Fellow: Awarded 2017
Field of Study: Fiction
Competition: US & Canada
Brian Evenson was born in 1966 in Ames Iowa, and grew up in Provo, Utah. After working with poet Leslie Norris at Brigham Young University, he completed a scholarly MA in 18th century literature (1990) and a joint PhD in literature and critical theory (1993) at University of Washington.
His first book, Altmann's Tongue, was published in 1994 when he was an Assistant Professor at Mormon-run Brigham Young University and was the source of some controversy in Utah: after an anonymous student complained to Mormon church leaders that the book was not appropriate he was asked to write a defense of the book. After doing so, he was told that he would not be allowed to remain at Brigham Young University unless he agreed not to publish another book like it. Evenson left BYU for a visiting position at Oklahoma State University which soon became a tenure track position. After continued pressure from ecclesiastical leaders over his writing, he formally left the Mormon Church in 2000. He has taught at Syracuse University, was chair of the creative writing department at Brown University, and currently is a professor in the school of critical studies at CalArts.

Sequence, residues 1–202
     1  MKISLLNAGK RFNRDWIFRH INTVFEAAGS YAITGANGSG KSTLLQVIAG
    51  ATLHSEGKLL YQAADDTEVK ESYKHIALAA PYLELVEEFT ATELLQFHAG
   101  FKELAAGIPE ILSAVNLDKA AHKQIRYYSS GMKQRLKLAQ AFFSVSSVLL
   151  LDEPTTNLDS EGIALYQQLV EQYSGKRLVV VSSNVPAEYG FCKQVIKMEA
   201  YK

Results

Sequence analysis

Since Altmann's Tongue, Evenson has published over a dozen books of fiction, most recently the story collection A Collapse of Horses and the novella The Warren. Other work includes Windeye and Immobility, both of which were finalists for the Shirley Jackson Award. His novel Last Days wont the ALA-RUSA award in 2009, and his novel The Open Curtain was a finalist for an Edgar Award. He is the recipient of three O. Henry Prizes as well as an NEA Fellowship. His work has been translated into French, Italian, Greek, Japanese, Spanish, Turkish and several other languages.
Evenson lives in Los Angeles with his wife writer Kristen Tracy and their four year old son.